It’s wise to begin a civil suit as soon as possible. Laws known as statutes of limitations prevent legal action from being taken after a certain period of time, and these laws differ for each state. Additionally, it may be easier to gather evidence for more recent cases.
Even if you think you may be outside of the statute of limitations in your state, an experienced nursing home abuse lawyer can help you determine your options.
Common Questions About Nursing Home Lawsuits
How much is a nursing home neglect case worth?
Nursing home neglect lawsuits — which claim that the inactions of a staff member harmed a resident — can award millions of dollars.
For example, a family received $13 million in 2019 after a man died from nursing home neglect. Another wrongful death case in which neglect led to a resident’s passing resulted in a $1 million payout in 2016.
Your particular case may have a higher or lower value than these examples. Speak with an experienced lawyer to get an estimate of your case value.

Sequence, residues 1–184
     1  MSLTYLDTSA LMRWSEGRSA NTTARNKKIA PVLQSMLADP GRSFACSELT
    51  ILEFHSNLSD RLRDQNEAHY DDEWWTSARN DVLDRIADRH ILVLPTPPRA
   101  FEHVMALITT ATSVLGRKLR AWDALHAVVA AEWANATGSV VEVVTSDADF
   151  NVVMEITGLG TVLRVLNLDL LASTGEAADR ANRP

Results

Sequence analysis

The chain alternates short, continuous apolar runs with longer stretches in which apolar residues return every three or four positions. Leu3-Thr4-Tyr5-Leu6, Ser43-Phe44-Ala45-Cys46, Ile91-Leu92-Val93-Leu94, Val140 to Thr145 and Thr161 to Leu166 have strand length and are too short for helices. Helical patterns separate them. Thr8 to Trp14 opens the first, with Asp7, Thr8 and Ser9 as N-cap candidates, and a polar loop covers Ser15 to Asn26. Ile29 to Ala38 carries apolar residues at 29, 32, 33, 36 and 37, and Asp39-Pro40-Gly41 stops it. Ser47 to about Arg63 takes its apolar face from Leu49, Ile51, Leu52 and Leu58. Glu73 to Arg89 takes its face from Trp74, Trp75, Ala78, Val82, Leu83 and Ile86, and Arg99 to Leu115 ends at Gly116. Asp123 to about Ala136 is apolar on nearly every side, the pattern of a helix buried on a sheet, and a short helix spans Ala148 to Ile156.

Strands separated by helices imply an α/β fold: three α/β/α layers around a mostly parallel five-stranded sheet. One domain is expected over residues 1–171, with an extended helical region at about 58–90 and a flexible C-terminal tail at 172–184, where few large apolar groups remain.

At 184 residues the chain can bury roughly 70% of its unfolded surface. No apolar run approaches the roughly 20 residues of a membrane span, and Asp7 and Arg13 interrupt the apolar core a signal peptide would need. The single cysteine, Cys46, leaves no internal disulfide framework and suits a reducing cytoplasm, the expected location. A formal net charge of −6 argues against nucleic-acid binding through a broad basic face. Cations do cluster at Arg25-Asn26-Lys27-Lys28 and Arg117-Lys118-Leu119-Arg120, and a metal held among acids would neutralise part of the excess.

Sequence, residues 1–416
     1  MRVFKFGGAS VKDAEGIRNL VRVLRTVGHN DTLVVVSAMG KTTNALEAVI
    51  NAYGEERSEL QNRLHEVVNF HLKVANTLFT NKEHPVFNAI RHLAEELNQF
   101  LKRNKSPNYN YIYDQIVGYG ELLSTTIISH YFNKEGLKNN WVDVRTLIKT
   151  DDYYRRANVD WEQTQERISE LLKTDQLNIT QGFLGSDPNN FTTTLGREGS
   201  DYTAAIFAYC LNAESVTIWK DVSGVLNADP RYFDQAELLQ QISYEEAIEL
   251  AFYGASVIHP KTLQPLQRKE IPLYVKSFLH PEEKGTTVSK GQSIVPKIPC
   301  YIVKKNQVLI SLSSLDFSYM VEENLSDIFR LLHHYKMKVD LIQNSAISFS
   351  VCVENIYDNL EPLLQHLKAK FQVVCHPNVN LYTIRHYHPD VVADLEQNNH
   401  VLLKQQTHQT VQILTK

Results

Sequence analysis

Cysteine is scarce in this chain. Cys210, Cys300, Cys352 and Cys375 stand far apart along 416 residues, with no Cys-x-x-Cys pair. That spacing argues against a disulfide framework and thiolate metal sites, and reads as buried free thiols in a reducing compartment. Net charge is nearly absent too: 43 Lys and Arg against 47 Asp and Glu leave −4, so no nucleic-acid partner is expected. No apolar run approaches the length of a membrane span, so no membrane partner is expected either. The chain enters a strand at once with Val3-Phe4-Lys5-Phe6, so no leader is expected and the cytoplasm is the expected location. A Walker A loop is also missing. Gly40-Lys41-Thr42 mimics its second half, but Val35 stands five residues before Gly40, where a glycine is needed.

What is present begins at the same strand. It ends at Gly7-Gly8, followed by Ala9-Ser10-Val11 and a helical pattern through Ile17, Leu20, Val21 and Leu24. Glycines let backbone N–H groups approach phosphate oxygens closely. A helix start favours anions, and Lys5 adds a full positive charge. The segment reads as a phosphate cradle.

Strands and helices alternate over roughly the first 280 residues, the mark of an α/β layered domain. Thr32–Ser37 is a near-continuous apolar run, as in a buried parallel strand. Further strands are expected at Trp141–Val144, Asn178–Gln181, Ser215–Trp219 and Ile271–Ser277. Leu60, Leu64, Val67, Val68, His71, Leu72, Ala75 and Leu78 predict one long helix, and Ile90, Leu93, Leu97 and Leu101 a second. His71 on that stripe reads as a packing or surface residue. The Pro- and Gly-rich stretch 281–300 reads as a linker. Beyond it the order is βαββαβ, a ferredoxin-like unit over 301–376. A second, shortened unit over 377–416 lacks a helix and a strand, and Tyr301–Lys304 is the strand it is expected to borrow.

What factors impact how much I might win in a nursing home lawsuit?
Factors affecting nursing home lawsuit compensation include your evidence and the decisions of a jury.
If you have solid evidence of nursing home abuse, you have a better chance of getting compensation. For example, a videotape showing nursing home staff abusing a resident may have more legal weight than just pictures of the victim’s injuries.
Even if you have strong evidence, though, there’s no way to predict the outcome of a case if it goes to trial before a jury. A jury can award you more or less money than a typical settlement amount, or they may find that you cannot receive any compensation.
How long does a nursing home lawsuit take?
Most people can expect to see nursing home lawsuit compensation in 1-2 years. Of course, the amount of time can vary with each case. A lawsuit that has to go to trial will likely take longer than one that reaches a settlement.
How do I find a nursing home abuse lawyer?
Our Patient Advocates can help connect you with a skilled nursing home lawyer in your area. Give us a phone call at (800) 896-7040 to speak to one of our trusted advocates.
Get Compensation for Nursing Home Abuse
No one should have to endure the injustices of elder abuse. Fortunately, a nursing home lawsuit can award you compensation to cover your medical expenses and hold the long-term care facility and its staff accountable.
To see if you’re eligible to file a nursing home abuse lawsuit and pursue compensation, get a free case review now. Our team may be able to help you start the legal process today.